Political Campaign

807 words | 3 page(s)

The campaign for the mayor of Los Angeles has approximately one dozen candidates. One candidate is the incumbent mayor of Los Angeles, Eric Garcetti. Garcetti is a registered member of the Democratic party and became the mayor of Los Angeles in a nonpartisan election for mayor in 2013. Garcetti’s political platform is close to the political platform of mainstream Democrats. Many of Garcetti’s policies appear to be dedicated to helping the working and middle class of Los Angeles on the economic level. Garcetti had in his first term already raised the minimum wage in Los Angeles and continued attention to workers at the lower-end of the income scale has been a feature of his campaign. Garcetti is also committed to maintaining the close ties that the Los Angeles community has with the entertainment industry as a source of income.

Garcetti continues to propose tax incentives on the city level for corporations and other business entities in the film industry to remain in the Los Angeles area. Garcetti’s campaign has also focused on addressing the homeless problem in Los Angeles. In this sense, the main position of Garcetti’s political platform is to maintain economic stability in Los Angeles through keeping key businesses, but also improving the economic status of those lower on the socio-economic ladder. Garcetti is endorsed by the elite of the Democrat party. Former President of the United States Barrack Obama, for example, has already publicly given his endorsement of Garcetti. Thus, Garcetti is supported by the powerful institutional framework of the mainstream Democratic party.

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An exact opposite of Eric Garcetti’s mayoral candidacy is the candidacy of David “Zuma Dogg” Saltsburg. Saltsburg, a non-party affiliated candidate, could be commonly described as a fringe candidate or as even a “joke” candidate, as evidenced, for example, by his nick name. Saltsburg’s platform is characterized by two main points. Firstly, Saltsburg constantly attacks Garcetti on an ad hominen level, referring to him as an absentee mayor who does not even concern himself with Los Angeles. In this respect, Saltsburg’s platform is geared towards those who dislike Garcetti as mayor. Secondly, however, Saltsburg also has a 14-point program of what he intends to implement the first day he is elected mayor. Some of the points of the platform appear to be rhetorical cliches without much explicit content. For example, to paraphrase, what Saltsburg terms putting everyone in the company to work, which could be understood as making sure that all citizens have a job is in a sense a populist phrase without very little actual political substance of how it is to be accomplished. Another point from Saltsburg’s platform, however, appears more concrete, such as eliminating quantitative measurements of effectiveness, which is a radical move. This is almost a type of “new age” policy, because standards would instead be judged by emotional satisfaction as opposed to objective goals that are to be reached in terms of numbers. However, it seems Saltsburg’s program is above all defined by an opposition to Garcetti.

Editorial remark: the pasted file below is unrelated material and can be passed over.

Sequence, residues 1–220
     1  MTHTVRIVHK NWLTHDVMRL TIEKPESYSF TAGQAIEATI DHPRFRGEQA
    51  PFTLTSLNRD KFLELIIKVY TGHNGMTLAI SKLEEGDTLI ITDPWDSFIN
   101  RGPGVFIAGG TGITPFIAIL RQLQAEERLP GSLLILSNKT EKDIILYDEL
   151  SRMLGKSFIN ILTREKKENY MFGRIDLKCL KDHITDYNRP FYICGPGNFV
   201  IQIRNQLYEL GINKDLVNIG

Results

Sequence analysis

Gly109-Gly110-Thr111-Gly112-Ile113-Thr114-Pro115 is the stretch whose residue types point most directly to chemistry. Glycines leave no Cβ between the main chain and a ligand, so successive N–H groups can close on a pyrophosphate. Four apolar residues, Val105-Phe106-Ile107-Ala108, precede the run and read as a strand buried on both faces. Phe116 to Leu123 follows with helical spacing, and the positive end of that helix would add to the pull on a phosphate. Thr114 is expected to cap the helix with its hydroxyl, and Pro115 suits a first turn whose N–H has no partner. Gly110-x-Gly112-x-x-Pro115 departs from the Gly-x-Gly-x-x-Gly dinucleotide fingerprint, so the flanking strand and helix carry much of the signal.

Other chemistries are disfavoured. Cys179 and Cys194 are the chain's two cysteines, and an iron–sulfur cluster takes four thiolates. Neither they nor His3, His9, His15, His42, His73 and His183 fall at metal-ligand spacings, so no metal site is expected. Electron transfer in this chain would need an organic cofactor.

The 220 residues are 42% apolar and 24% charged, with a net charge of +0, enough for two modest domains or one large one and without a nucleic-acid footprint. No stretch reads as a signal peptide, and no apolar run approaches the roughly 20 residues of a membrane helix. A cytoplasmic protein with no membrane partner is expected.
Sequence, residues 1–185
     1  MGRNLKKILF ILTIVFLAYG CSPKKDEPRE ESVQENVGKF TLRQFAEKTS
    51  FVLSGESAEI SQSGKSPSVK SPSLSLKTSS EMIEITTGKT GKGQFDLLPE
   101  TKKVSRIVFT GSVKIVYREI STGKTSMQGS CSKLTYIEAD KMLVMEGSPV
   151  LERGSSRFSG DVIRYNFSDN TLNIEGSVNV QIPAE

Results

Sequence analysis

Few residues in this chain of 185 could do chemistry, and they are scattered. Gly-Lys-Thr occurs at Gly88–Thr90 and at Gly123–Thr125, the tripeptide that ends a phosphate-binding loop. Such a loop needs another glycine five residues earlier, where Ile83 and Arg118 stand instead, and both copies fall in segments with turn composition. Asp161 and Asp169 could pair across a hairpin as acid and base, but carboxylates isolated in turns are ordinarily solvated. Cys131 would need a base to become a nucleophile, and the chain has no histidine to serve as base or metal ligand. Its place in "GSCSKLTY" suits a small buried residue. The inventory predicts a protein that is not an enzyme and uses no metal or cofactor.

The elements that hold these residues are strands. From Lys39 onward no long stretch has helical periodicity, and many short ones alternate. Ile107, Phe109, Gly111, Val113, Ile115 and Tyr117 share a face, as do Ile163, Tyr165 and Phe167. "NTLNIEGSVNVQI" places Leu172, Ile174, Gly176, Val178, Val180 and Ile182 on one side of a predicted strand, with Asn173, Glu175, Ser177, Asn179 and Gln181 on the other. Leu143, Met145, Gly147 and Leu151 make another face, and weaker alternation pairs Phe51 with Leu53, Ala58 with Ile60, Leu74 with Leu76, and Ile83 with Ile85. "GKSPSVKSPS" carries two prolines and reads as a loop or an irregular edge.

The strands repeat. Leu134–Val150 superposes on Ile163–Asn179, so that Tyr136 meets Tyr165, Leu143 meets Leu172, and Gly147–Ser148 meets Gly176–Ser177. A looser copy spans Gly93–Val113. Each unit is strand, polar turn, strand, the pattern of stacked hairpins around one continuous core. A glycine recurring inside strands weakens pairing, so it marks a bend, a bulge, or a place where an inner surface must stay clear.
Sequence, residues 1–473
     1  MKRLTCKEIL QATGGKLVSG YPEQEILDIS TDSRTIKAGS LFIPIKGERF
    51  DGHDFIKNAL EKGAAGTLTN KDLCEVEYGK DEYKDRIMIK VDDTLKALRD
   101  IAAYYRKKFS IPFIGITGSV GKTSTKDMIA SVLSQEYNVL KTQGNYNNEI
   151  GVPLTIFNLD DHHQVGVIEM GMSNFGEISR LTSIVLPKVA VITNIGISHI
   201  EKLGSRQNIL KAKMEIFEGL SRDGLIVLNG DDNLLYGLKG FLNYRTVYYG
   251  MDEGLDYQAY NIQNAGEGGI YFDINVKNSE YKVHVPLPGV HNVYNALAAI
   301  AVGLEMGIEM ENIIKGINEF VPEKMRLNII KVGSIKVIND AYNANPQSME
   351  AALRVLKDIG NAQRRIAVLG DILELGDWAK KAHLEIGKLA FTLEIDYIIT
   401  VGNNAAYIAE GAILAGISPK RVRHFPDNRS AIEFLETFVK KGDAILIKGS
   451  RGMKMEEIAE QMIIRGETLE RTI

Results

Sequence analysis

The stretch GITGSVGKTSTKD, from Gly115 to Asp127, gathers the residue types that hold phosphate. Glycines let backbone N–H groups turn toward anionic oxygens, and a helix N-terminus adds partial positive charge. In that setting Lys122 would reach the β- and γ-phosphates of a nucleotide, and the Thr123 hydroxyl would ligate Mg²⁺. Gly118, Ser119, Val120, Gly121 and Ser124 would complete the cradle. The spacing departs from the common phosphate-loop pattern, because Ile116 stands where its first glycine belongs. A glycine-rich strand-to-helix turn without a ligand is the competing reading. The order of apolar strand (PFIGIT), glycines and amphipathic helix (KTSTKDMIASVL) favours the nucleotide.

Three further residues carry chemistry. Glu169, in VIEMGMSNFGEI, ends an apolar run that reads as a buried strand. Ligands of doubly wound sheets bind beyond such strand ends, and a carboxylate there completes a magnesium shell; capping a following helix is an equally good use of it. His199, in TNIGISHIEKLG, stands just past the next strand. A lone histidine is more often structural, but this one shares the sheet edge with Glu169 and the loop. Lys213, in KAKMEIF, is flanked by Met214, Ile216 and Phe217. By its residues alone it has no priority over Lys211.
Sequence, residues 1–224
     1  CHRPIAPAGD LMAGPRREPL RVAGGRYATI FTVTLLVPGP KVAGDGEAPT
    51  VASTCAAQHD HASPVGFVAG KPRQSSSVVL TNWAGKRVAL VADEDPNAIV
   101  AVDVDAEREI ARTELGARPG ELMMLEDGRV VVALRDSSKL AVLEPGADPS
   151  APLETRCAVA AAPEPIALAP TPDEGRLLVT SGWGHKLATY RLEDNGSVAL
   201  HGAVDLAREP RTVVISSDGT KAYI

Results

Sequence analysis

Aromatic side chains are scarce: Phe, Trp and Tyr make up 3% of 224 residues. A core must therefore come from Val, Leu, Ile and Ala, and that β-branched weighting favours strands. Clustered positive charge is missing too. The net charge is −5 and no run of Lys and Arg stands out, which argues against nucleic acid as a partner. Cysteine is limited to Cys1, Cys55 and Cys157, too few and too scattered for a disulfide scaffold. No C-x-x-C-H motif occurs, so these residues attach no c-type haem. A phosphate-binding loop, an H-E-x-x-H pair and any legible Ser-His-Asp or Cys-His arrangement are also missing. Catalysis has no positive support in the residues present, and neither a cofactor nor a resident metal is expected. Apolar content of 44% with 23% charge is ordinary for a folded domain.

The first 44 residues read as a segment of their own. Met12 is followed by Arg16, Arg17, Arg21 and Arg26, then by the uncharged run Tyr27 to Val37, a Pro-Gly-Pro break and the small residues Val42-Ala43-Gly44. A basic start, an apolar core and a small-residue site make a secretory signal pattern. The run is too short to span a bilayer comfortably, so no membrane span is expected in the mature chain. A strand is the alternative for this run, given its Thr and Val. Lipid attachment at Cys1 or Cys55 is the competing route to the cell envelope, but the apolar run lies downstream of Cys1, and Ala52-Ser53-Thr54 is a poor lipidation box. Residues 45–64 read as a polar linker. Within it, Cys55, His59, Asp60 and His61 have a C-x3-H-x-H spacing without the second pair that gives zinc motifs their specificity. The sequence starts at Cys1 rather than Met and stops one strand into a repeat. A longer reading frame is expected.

When looking at these two platforms, it is clear what the difference is between an establishment and a non-establishment candidate. The establishment candidate has the advantage of having all the political machinery of existing political parties behind him. Accordingly, the political candidate appears more legitimate. This is the case with Garcetti, who is a traditional candidate. However, as we know from the Trump elections, voters are more and more disgusted with how the traditional political machinery is working. This may not be the case in Los Angeles or in California in general, where Trump clearly lost. However, many citizens clearly oppose the mainstream political machinery and see these institutions as inherently corrupt and only pursuing their own interests.

Clearly, Garcetti tries to combat this image by emphasizing all that he has done and will do for the working class. In contrast, Saltsburg’s platform is largely informed by an ad hominen attack on Garcetti. This is a very similar outside strategy used by Trump. Trump constantly degraded his political opponents with, for example, nick names and ad hominen attacks. Outsider candidates thus do not have a political platform, I would say, that is defined by policy, but more is fueled by a disgust for the existing political class. The emphasis is more on eliminating this ruling political class and is this is why ad hominen attacks against this class can be effective from outsider candidates without strong political platforms, although only to the extent that such a hostile attitude towards the political ruling class already exists in a society. Considering the situation in Los Angeles, this type of anti-institutionalism is not so rampant, so such ad hominen tactics will not be as effective against the more policy based approach of Garcetti, which is already supported by a massive mainstream political machinery.

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